Sorry, but you’ve been had. Although many manufacturers boast that their radios can reach amazing distances, this is, in almost every instance we’ve encountered, a fallacy.

How is this legal, you may ask?

Essentially, your radio quite probably could work over a range of 25 miles, but that is a theoretical estimate, working on the assumption that the myriad variables that affect two-way radio signal (such as atmospheric conditions, topography, objects in the way and etc) are simply not in effect.

All of them. At the exact same time.

So, assuming that you used your two-way radio in a vacuum, where weather didn’t exist and no obstacles, man-made or otherwise, were present, you would be able to communicate with someone else who was further away in that impossible vacuum, maybe even 25 miles away, but otherwise? Forget it.

The fact is that the average two-way radio has a range of between one and two miles and not much more (maybe three, but we’re not making any promises). CB radio fares significantly better, largely because it makes use of large aerials. Now, Signal-boosting equipment can be used to improve your two-way’s performance (for example, repeaters), but such equipment is expensive and hard to obtain for legal reasons.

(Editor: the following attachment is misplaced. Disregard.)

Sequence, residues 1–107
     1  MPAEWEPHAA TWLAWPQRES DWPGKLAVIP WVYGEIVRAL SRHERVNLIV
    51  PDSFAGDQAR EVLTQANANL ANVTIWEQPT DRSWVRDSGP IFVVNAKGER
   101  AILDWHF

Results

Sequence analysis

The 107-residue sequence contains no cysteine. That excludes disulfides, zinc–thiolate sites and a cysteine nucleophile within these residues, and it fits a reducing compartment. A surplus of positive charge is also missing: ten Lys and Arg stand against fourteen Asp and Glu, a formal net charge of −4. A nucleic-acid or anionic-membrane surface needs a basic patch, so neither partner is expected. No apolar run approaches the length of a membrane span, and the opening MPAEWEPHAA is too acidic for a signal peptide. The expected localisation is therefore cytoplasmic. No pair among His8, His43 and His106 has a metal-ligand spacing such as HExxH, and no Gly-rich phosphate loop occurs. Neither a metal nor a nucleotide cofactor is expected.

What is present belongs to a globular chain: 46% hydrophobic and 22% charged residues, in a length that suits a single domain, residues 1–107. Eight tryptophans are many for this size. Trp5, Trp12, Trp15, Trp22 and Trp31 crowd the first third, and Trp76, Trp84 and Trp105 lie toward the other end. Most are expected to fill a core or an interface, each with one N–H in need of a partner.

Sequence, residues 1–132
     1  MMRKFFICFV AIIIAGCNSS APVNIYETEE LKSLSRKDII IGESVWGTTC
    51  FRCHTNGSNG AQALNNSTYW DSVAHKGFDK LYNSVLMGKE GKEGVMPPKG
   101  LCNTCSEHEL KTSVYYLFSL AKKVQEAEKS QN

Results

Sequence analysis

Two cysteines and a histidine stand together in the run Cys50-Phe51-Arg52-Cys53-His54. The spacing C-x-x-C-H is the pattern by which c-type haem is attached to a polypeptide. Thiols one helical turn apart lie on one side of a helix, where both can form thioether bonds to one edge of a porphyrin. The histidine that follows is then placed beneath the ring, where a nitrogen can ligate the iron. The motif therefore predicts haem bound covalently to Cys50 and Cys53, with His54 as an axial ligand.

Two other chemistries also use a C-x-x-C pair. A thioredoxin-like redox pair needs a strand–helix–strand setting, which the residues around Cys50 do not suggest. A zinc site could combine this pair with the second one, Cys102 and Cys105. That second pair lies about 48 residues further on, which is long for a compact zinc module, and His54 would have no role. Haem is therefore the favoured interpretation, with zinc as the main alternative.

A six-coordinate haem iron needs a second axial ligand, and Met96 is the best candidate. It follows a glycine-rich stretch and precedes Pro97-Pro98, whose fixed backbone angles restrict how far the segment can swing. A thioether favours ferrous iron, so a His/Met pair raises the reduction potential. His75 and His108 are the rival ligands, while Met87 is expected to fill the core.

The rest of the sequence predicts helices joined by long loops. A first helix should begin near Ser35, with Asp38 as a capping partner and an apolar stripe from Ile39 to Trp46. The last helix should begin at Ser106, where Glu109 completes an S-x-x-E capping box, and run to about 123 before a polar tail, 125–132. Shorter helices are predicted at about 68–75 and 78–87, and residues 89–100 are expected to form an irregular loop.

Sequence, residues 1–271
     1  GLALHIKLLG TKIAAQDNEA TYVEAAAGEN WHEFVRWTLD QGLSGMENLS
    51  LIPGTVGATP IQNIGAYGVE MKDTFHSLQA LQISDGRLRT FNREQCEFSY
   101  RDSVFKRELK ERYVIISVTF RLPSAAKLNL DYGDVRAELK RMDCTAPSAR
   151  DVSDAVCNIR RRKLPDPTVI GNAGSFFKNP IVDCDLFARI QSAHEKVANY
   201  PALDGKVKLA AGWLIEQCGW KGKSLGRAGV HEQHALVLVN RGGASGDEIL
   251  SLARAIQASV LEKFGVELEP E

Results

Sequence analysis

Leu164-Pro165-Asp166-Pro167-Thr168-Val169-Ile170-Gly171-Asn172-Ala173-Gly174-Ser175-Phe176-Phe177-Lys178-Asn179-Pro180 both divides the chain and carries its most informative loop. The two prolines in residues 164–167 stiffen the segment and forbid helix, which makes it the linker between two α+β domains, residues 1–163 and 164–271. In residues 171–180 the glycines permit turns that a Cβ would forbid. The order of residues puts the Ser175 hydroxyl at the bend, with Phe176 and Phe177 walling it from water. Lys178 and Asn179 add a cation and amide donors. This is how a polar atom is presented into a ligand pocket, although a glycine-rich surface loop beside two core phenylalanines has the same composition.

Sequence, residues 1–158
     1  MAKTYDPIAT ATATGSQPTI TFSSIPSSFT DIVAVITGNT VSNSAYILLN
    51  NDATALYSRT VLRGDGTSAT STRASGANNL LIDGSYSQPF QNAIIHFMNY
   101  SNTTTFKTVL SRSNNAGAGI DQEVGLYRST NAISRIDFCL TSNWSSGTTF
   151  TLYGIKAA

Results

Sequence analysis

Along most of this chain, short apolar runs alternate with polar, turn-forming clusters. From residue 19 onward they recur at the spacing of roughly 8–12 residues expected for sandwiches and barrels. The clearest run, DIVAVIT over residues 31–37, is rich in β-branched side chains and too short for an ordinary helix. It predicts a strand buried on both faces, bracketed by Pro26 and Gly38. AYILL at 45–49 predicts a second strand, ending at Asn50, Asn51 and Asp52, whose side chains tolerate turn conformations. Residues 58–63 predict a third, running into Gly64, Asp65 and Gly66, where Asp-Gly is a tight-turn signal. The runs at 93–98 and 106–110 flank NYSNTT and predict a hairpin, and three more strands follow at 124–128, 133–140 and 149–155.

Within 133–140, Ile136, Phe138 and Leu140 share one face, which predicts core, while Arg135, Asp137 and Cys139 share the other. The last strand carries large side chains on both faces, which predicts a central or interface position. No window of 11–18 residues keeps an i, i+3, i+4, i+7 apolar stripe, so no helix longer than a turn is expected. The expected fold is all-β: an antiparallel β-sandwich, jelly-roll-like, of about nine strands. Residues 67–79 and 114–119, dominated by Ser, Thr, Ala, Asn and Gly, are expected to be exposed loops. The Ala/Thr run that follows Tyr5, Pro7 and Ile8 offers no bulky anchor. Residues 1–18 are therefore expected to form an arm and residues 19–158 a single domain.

There are, however, a few factors that can have an affect on your radio’s range. The frequency being used, the power output, the size of the antenna, the complexity of the signal being sent, signal interference, background noise and (as we wrote earlier) objects in the way are all factors that can improve (or hamper) your efforts to get your signal to reach as far as possible.

So, talking on your radio whilst in the car will have a deleterious affect on your signal, as will deliberately walking through wooded areas or places with a lot of rocks/mountains if you can take an easier path.

However, a larger antenna (if you’re tech orientated, the antenna can be replaced with a better one – although this should only be attempted if you are

  1. a) Sure about licensing laws

And

  1. b) Tech savvy enough to void the warranty and not regret it later, can really add a few hundred meters to a radio’s range, as can a switch in frequencies.

Also, your choice of VHF or UHF radio will have an affect as well, a UHF signal, for example, generally penetrates buildings and objects better than a VHF signal, whereas VHF is better for outdoor use where there is a lot of open space to transmit across.